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Every year, the Healthcare Businesswomen’s Association, a nonprofit organization whose core purpose is to further the advancement and impact of women in the healthcare business, honors a wide array of executives.
Last week, we talked to some of the women who won HBA’s Luminaries award to find out why “soft” skills matter in the new era of leadership.
For the second installment of our two-part series, we asked some of the winners of the Rising Stars award, who are honored by the HBA because they have “demonstrated noteworthy achievements” in their career, to identify the transformations they believe will have the biggest impact on the life sciences.
In the coming weeks, we will be featuring insights from HBA’s Rising Stars and Luminaries related to industry trends, leadership skills and life-work balance on our LinkedIn, Facebook and Twitter.
Here are a dozen insights from the Rising Stars in the industry.
“As an industry, we are transitioning our focus to implementation science and how our products perform in the real world. Patients need to have access to affordable therapies and accountability to improve patient lives across a broader spectrum of demographics at the center of innovation. By identifying and closing the gaps that prevent the benefits of scientific innovation between clinical research and real-world practice, we can make better progress in improving outcomes.”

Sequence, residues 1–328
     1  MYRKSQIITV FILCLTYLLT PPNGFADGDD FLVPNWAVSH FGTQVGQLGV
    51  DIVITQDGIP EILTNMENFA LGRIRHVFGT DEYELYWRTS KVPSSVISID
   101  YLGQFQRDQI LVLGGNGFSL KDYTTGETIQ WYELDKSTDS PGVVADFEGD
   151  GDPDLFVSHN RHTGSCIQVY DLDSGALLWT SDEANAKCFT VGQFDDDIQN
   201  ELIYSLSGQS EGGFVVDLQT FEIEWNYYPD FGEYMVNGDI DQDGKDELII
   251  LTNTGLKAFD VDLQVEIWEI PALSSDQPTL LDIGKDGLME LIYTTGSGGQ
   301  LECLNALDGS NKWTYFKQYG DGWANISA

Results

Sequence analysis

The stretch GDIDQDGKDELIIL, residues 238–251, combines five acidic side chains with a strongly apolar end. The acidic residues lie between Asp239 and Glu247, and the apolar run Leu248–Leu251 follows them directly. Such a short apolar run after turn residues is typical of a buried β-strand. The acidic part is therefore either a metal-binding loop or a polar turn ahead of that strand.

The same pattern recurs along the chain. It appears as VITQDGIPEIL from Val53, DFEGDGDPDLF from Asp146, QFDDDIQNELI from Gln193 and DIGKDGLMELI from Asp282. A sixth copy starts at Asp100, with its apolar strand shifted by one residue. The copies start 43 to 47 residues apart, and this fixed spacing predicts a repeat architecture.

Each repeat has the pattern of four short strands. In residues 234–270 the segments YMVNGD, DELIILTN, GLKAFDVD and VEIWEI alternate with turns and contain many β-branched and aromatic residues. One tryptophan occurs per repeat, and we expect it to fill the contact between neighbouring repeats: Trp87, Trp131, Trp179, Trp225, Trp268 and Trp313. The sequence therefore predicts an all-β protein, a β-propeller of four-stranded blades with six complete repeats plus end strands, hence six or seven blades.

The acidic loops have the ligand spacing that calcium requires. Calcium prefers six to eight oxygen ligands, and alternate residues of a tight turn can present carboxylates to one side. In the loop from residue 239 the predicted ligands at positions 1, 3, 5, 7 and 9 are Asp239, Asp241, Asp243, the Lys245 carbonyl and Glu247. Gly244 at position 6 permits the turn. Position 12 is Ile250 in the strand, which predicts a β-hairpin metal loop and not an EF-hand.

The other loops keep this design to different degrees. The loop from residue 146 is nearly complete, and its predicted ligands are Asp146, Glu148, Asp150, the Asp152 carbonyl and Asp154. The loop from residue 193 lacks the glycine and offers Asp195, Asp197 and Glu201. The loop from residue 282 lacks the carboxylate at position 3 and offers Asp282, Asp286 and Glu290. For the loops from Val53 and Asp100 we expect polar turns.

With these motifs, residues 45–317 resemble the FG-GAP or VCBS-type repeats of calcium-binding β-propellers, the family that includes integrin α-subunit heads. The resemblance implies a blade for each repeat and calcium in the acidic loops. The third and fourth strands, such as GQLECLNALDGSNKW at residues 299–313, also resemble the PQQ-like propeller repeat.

Kasey Boynton, director, Client Engagement, Real World Evidence and Late Phase, Syneos Health
Problem-solving on a human level
“The The biggest trend we are setting is adopting a human-centric and innovation-led approach to solving complex problems in highly regulated functions within healthcare and life sciences such as pharmacovigilance or VBC. By focusing on the actual users, be it patients or providers, and by easing their pain points, complex problems can be methodically solved.”
Vidya Viswanathan, digital health and innovation leader, Cognizant Technology Solutions
“The industry is re-organizing to engage patients more actively than ever before, from drug development through commercialization. Companies are restructuring to engage patients early and often. They are driven to provide a consistent approach to patient engagement, which means better drugs, better patient outcomes and a more collaborative process overall.”